Living with Parkinson's Disease
Coping with Parkinson's disease, the motor system disorder, can be frustrating because of its common symptoms—trembling, stiffness (often called rigidity), slow movements, and the loss of balance and coordination. A good deal of that frustration comes from the loss of control that you once had over your body. It can also be emotionally overwhelming to know that there is currently no cure for the disease.
Nonetheless, people have a number of tools at their disposal for better managing the symptoms of Parkinson's disease and living a healthy, enjoyable life. Here's what can help.
Eating a healthy, balanced diet and drinking plenty of water are important for everybody, but especially when you have Parkinson's disease. That's because people with Parkinson's are more likely to get bone fractures from falling, suffer from constipation, or have difficulty maintaining their weight. Staying hydrated and getting the best possible nutrition through fruits, vegetables, whole grains and protein can help to counteract these effects.
Stay on top of your medication
Medication for Parkinson's disease has come a long way. Often a combination of drugs is successful in replacing the naturally occurring brain chemical dopamine that is in short supply when you have Parkinson's. Certain drugs improve only certain symptoms, and you'll want to work with your doctor to find the best combination for you. Know that as the disease progresses, you may need to try other drugs and other combinations of drugs.
A treatment called deep brain stimulation, approved by the FDA, seems to provide additional relief for some people. It involves implanting a small electrical device in the brain that can ease Parkinson's symptoms.
Talk with your doctor about which of these options might be the right treatment approach for you.
Work with an occupational therapist
An occupational therapist is an important member of your treatment team. Working closely with this medical professional will help improve your quality of life. An occupational therapist will typically meet with you in your home, review your daily routine, and provide you with techniques and tools that will help you carry out your activities of daily living more effectively, even with the challenges presented by your illness.
Get daily living aids that can help you stay independent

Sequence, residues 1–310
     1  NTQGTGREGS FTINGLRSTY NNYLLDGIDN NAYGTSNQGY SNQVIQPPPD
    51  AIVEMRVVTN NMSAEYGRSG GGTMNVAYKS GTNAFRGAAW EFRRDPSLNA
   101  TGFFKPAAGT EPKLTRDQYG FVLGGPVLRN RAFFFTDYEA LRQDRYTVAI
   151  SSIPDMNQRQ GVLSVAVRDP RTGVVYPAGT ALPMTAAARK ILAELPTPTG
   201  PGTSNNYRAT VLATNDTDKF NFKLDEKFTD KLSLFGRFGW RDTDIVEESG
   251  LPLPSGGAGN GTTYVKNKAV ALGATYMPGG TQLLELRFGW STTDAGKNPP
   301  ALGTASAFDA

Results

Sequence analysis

Among the tools that an occupational therapist might recommend are railings around your toilet and bathtub, a seat to use in the tub or shower, a pump soap dispenser instead of bar soap, an electric toothbrush and razor, a cordless phone that you can carry around with you, nonskid socks and Velcro-closure shoes, and an appropriate cane, walker, rollator or wheelchair to help you move around effectively.
Get a good night's sleep
Studies show that about three in four people with Parkinson's also have sleep problems, but it's crucial to your overall health to get a good night's sleep. Try strategies like creating a relaxing bedtime routine, going to bed at the same time every night, making your bedroom comfortable, dark and cool, and avoiding stimulants, such caffeine, alcohol, exercise and even watching TV, right before bedtime. If you are still having sleep problems, ask your doctor for a referral to a sleep specialist.
Take care of your mental health
About half of all people with Parkinson's deal with some sort of mood disturbance, such as depression or anxiety, at some point. These mental disorders will only further compound the problems of Parkinson's, so it's critical to get needed treatment, possibly medication or counseling from a mental health professional.
Have an educated helper
Most people with Parkinson's disease need the help of one or more caregivers to get through the day. If you are a caregiver, one of the most important things you can do is read up on Parkinson's disease, so that you can understand what your loved one is going through. Also, be involved by attending doctor's appointments and therapy sessions. Often, these professional health care providers will have tips and advice for the caregiver as well as the person living with the disease.